American Politics Then, Now

I’ve slowly been wading my way through Shelby Foote’s The Civil War: A Narrative over the past year, with a break between the first and second volumes and another break coming up shortly, before the third. One thing that’s struck me, among many, is the similarity between the politics of the pre-Civil War era and today. We’re accustomed to acrimony and uncivil behavior between the “left” the “right” these days. It’s the water we swim in. It’s also the water Americans swam in back then.

A thought: what if the American Century, such as it was, was an aberration? What if the Archduke hadn’t been murdered, or the United States hadn’t entered what became World War I? What if the victorious allies hadn’t imposed overly severe reparations upon Weimar Germany, which inexorably lead to World War II, the attack upon American soil and the rise of the American war machine? What if what we are today, politically, is what we would have been all along in the absence of those post-American Civiil War influences, and where we’re going includes change to our government, our culture and how we see our republic similar to what was wrought by that earlier domestic conflict?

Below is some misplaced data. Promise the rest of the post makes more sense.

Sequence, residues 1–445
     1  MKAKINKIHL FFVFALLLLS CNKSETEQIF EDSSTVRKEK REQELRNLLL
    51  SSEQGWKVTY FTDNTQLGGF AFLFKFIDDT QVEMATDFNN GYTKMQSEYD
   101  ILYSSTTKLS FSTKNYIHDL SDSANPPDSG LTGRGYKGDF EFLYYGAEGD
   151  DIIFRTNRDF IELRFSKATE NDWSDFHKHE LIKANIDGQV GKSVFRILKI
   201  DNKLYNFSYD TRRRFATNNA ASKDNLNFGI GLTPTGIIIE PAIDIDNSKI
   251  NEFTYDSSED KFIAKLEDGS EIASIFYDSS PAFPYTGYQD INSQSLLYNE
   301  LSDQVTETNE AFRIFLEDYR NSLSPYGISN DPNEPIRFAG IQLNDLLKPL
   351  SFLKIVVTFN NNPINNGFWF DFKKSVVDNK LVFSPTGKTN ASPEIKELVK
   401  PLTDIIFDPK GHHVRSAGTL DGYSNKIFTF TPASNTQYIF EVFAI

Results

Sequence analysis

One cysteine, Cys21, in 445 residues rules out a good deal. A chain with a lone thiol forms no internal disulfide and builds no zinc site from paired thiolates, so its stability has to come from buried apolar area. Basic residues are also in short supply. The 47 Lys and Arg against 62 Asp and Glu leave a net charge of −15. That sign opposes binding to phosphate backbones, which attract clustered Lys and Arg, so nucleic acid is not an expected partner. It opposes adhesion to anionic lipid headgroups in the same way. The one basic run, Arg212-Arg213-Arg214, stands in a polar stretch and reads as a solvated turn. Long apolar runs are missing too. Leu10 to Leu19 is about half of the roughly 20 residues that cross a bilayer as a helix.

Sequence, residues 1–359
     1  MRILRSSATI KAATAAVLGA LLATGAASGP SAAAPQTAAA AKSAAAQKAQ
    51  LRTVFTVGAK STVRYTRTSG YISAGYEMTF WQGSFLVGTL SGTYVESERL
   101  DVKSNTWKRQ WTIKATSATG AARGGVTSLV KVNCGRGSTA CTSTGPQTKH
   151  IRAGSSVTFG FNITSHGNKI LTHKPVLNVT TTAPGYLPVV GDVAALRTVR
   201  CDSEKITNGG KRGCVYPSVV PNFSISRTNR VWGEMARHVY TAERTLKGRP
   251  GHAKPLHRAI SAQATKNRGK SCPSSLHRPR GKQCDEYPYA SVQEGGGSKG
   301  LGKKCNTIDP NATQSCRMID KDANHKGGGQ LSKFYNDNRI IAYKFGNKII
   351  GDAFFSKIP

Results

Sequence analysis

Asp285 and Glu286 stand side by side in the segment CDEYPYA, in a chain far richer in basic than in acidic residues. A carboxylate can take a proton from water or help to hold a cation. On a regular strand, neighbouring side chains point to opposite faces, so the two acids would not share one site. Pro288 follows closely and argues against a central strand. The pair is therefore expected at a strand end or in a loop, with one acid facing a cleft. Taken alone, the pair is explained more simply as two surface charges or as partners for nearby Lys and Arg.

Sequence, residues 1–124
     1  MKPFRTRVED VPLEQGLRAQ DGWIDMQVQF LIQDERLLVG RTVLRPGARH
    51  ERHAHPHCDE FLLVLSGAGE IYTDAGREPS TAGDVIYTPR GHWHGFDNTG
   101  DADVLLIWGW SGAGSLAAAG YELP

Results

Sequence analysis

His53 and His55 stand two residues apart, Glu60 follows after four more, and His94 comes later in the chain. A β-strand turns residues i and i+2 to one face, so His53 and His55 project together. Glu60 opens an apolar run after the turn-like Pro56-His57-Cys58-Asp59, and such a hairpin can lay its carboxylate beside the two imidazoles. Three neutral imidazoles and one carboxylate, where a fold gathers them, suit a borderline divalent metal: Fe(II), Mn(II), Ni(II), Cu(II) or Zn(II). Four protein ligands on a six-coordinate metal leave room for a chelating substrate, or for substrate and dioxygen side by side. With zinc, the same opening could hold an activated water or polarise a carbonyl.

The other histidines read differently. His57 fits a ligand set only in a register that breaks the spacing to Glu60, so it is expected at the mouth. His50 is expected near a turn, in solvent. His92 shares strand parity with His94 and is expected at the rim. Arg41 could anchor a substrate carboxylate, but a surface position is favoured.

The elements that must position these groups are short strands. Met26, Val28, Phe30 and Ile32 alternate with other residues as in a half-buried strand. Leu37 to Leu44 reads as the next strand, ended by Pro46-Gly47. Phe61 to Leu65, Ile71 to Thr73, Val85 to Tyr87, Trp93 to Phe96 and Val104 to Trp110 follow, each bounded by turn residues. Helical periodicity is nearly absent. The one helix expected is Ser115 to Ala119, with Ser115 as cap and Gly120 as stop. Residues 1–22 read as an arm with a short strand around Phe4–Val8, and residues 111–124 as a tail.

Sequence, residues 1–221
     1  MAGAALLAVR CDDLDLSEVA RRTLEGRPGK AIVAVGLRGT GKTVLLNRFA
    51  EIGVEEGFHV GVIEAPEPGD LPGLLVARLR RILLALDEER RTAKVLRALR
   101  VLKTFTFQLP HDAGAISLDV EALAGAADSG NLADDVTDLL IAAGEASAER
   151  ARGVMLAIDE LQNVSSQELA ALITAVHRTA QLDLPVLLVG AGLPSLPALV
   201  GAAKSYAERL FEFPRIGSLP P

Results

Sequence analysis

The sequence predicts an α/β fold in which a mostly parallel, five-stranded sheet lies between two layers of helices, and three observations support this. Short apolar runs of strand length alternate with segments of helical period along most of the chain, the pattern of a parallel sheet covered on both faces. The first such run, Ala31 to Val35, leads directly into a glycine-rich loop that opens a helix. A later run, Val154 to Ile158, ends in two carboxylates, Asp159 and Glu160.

I plan to re-read the initial chapters of Foote’s work, wherein he describes the politics of 1860-61, after I’ve finished the second volume, and write about it here. It’s a departure from my usual Apple-centric technology interest, which is covered elsewhere far better than I have attention for. But what the hell, why not pick a niche and explore? Who knows what I’ll find.